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Annual IPR Report Warns of Trade Secret Theft, Deteriorating Protections

Friday, April 29, 2016
Sandler, Travis & Rosenberg Trade Report

The Office of the U.S. Trade Representative released this week its annual Special 301 report on the adequacy and effectiveness of U.S. trading partners’ protection and enforcement of intellectual property rights. This year’s report reviews 73 trading partners and lists 34 of them as meriting particular concern.

According to USTR, this report identifies a wide range of concerns, including (a) the deterioration in IPR protection and enforcement in a number of trading partners; (b) reported inad­equacies in trade secret protection in China, India and elsewhere; (c) troubling indigenous innovation policies that may unfairly disadvantage U.S. right holders in markets abroad; (d) the continuing challenges of online copyright piracy; (e) measures that impede market access for U.S. products embodying IPR and U.S. entities that rely upon IPR protection; and (f) other ongoing, systemic IPR enforce­ment issues in many trading partners around the world.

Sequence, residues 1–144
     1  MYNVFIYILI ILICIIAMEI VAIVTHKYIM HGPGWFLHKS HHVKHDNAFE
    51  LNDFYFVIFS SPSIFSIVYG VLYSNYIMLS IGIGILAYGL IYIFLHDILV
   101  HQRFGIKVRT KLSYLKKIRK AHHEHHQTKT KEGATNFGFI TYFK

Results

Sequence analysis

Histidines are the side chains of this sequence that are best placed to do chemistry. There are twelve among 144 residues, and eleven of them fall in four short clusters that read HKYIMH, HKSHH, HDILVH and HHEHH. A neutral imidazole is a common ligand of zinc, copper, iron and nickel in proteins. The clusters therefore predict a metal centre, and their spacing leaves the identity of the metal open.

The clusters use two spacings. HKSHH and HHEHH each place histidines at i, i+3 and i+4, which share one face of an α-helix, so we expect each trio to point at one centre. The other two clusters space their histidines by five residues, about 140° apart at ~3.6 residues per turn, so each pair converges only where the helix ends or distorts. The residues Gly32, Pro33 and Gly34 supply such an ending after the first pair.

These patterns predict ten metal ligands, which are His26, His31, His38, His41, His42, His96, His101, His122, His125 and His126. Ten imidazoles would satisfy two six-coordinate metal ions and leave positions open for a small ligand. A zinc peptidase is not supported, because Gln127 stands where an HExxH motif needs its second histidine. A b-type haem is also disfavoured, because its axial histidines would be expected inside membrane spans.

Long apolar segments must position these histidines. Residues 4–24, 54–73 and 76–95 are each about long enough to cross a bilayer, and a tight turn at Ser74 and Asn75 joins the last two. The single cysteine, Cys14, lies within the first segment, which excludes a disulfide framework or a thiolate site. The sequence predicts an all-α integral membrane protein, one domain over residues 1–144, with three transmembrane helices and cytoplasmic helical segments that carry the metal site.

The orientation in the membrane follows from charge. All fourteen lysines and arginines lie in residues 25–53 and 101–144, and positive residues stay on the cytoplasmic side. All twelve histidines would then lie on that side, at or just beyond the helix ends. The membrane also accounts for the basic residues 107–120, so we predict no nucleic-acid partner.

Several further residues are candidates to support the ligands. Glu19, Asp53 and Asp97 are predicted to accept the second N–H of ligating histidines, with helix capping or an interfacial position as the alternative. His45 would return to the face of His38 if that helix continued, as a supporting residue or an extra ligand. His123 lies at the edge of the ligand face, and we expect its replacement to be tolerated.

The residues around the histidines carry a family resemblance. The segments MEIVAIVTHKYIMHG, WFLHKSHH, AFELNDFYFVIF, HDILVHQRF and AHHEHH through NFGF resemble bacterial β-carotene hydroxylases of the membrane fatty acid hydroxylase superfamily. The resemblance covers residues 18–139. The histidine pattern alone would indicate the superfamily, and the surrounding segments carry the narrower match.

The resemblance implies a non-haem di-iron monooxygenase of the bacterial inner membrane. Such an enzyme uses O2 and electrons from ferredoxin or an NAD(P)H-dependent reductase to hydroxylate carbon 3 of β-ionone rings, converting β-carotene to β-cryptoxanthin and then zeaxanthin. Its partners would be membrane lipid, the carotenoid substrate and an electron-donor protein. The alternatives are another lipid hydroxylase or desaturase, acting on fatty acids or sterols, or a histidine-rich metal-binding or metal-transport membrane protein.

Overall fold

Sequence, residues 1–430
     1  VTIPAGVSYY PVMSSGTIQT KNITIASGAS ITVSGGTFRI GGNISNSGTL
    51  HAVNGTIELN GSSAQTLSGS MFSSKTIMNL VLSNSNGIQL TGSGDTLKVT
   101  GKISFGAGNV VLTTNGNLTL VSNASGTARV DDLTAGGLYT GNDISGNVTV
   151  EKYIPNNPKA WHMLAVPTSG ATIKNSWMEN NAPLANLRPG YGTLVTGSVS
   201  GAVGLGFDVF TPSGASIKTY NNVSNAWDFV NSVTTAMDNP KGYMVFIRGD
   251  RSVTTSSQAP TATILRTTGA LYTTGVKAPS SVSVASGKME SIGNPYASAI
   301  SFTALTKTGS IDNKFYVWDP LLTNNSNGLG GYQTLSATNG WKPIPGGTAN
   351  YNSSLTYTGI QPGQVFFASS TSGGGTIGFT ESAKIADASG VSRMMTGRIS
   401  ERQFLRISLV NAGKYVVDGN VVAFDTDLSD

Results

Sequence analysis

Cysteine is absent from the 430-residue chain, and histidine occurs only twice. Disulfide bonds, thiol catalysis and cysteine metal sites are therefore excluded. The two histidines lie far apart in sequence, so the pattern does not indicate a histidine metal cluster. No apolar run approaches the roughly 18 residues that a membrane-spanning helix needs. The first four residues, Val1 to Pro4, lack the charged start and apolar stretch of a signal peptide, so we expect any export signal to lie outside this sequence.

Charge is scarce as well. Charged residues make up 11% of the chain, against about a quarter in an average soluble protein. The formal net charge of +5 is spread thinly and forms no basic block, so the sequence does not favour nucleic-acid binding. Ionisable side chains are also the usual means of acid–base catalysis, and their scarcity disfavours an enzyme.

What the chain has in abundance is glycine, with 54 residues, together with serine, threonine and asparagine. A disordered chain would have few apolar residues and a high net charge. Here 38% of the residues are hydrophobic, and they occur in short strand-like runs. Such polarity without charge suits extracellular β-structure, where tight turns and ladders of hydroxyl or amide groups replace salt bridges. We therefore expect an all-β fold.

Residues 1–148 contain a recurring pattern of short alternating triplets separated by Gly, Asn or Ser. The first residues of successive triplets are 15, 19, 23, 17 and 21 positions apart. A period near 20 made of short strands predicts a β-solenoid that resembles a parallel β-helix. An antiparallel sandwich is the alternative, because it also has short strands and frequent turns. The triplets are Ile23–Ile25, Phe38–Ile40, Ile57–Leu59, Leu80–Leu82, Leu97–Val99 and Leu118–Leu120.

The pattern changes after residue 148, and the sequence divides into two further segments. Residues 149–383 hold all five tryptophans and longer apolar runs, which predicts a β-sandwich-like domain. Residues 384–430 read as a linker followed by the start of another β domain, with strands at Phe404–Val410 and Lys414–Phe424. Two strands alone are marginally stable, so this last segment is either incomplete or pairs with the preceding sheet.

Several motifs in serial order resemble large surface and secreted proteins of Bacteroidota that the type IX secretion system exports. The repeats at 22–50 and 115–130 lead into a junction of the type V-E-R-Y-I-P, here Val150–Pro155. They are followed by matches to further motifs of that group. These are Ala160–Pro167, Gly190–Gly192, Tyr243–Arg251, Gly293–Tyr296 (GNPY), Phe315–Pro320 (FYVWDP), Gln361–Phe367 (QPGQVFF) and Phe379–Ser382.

Positive Developments. The report highlights the following achievements by U.S. trading partners in 2015.

- China continued to pursue a broad-ranging overhaul of its IPR-re­lated laws and regulations as well as a pilot study of specialized IPR courts.

- Honduras has taken actions to implement a detailed intellectual property work plan for 2016 focusing on strengthening criminal IPR enforcement, combating the unauthorized rebroadcast of cable and satellite transmissions, clarifying the scope of protections for geographical indications, and de­veloping a trademark recordation system to improve customs border enforcement.